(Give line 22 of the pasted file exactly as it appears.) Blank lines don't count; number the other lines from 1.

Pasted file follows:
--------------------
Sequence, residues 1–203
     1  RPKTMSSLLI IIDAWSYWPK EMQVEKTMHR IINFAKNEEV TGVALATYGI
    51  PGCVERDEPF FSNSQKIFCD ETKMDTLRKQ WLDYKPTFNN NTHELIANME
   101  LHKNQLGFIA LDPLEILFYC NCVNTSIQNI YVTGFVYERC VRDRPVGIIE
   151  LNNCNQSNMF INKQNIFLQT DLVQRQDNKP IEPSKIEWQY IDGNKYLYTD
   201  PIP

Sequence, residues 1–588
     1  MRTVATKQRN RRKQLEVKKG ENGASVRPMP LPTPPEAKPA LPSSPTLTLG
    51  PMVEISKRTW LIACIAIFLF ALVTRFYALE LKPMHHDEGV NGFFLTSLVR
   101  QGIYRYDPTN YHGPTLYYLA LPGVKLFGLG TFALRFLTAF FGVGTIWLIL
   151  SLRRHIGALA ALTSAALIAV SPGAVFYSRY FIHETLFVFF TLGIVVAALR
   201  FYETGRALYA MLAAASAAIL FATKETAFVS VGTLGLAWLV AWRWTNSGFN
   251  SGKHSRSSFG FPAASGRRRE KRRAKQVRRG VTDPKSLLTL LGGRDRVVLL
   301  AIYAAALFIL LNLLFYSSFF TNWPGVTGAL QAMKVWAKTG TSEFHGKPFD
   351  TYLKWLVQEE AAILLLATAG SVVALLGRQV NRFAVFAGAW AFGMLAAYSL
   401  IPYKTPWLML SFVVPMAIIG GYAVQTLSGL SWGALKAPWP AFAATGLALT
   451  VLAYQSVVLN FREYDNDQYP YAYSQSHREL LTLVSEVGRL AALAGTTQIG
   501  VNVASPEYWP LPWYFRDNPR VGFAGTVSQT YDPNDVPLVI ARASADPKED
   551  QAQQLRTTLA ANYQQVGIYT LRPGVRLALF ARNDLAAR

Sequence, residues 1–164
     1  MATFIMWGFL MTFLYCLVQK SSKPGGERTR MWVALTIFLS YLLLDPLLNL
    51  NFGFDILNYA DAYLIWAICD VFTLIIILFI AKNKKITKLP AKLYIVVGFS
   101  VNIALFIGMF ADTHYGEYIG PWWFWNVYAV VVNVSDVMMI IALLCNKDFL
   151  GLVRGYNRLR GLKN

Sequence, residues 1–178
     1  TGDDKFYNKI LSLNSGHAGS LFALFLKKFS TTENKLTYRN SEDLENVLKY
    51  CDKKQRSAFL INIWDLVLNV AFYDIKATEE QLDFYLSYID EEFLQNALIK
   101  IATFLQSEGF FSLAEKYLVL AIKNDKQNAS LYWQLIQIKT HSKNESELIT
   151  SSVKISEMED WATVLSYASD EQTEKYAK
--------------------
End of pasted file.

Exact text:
    51  NFGFDILNYA DAYLIWAICD VFTLIIILFI AKNKKITKLP AKLYIVVGFS